Creating the optimum downsped engine/axle/drivetrain mix

The perfect combination: The Zen of creating the optimum downsped engine/axle/drivetrain mix

The preferred specs

“The recommended axle ratio is highly dependent on a number of factors, including customer preferences, operating area, truck specs and vehicle speed. We target engine RPM at cruise speed, taking into consideration the vehicle operating conditions,” notes Peterbilt’s product planning manager for powertrain, Trevor Lokie. “For line-haul customers that are looking for peak fuel efficiency, we typically target 1,150 to 1,200 RPM at cruise speed. The cruise speed is defined as the average vehicle speed in top gear as opposed to average vehicle speed overall or the maximum vehicle speed. For typical line-haul applications, we have seen great results with our APEX powertrain package which includes the PACCAR MX-13 engine and the Fuller Advantage automated transmission with a 2.64 or a 2.79 rear axle ratio. This will slow the engine down to 1,150 to 1,200 RPM to reduce parasitic and friction losses while providing peak torque of 1,000 RPM for plenty of power to get the job done.”

As for working with fleets to develop the right axle ratio/driveline specs, Lokie says, “Peterbilt and its dealer network work closely with customers to understand their operating conditions and truck requirements. In some cases, we will install a data logger on a vehicle in operation and collect a few weeks’ worth of data. Analyzing this data will allow us to determine what engine rating, transmission and rear axle ratio will provide the best fuel efficiency while still maintaining the required performance. Not being aggressive enough on downspeeding means less fuel efficiency; being too aggressive means the vehicle will not have the required performance and may spend too much time one gear down, which can also have a negative effect on fuel economy.”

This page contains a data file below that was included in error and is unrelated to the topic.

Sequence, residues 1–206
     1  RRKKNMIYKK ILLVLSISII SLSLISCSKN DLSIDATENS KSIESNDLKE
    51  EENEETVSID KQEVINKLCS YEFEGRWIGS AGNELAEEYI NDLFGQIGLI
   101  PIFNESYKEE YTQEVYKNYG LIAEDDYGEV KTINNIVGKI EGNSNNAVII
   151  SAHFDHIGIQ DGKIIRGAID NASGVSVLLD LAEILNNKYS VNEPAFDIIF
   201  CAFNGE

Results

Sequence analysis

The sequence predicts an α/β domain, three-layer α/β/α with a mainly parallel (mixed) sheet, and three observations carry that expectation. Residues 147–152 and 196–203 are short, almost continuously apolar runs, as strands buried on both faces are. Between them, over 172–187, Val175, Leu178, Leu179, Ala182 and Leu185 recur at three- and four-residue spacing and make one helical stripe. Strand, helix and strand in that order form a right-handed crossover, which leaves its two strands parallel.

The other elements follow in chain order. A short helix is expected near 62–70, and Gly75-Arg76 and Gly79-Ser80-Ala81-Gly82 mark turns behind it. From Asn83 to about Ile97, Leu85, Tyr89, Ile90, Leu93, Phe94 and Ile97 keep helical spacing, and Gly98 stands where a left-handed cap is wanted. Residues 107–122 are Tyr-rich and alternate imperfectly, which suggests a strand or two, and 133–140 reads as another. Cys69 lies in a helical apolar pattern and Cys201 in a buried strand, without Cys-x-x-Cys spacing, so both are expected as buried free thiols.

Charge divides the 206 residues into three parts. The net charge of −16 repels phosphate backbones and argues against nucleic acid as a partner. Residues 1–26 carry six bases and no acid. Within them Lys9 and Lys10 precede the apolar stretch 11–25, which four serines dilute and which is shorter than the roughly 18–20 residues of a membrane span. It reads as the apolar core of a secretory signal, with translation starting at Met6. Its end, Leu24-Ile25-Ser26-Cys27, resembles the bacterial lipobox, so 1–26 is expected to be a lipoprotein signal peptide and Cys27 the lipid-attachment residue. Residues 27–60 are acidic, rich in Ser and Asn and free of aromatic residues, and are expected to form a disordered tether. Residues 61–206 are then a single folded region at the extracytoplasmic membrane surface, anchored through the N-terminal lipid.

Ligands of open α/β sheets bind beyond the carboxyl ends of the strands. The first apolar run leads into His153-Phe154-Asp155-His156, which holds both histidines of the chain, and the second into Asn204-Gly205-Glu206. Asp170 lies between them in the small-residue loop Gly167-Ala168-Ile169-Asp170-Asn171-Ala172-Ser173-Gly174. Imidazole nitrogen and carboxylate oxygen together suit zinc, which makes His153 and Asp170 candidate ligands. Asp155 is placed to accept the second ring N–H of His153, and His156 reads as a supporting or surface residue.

All powertrain components have been designed to accommodate downspeeding, adds Lokie, who notes that Peterbilt has worked closely with all of its suppliers to create the optimal powertrain package that is designed for downspeeding.

“A unique clutch has been designed to reduce noise and vibration that can be caused from downspeeding,” he says. “The Fuller Advantage transmission has a unique gear set and shift strategy that is optimized for the PACCAR MX-13 engine, which constantly monitors grade, acceleration rate, torque output and vehicle load to ensure the most fuel efficient operation. The axle and driveline have also been designed to handle the increased torque load from downspeeding. Other vehicle components such as the cab mounts and engine mounts have also been redesigned to reduce noise and vibration and allow the engine to run at lower RPM.”

What to know about axle ratios

When recommending the best axle ratios for downsped engines, Kurt Swihart, Kenworth’s marketing director, says, “First, you need to know engine speed; Does the engine manufacturer allow the engine to be downsped? The PACCAR MX-13 engine allows downspeeding all the way to the 1,100 RPM range. The next thing to consider is the type of transmission: Kenworth offers both overdrive and direct drive transmissions, which play a big part in selecting the correct rear axle ratio. Lastly, the vehicle’s typical operating speed must be understood. The rear axle ratio should be chosen to keep the engine RPs at their lowest while the vehicle is operating at its typical speed. Pairing a PACCAR MX-13 engine with a direct drive transmission may require a rear axle ratio as low as 2.26. Kenworth offers a variety of super-fast ratios that can be paired with direct drive as well as overdrive transmissions in order to downspeed the engine and provide optimal fuel economy for every application.”

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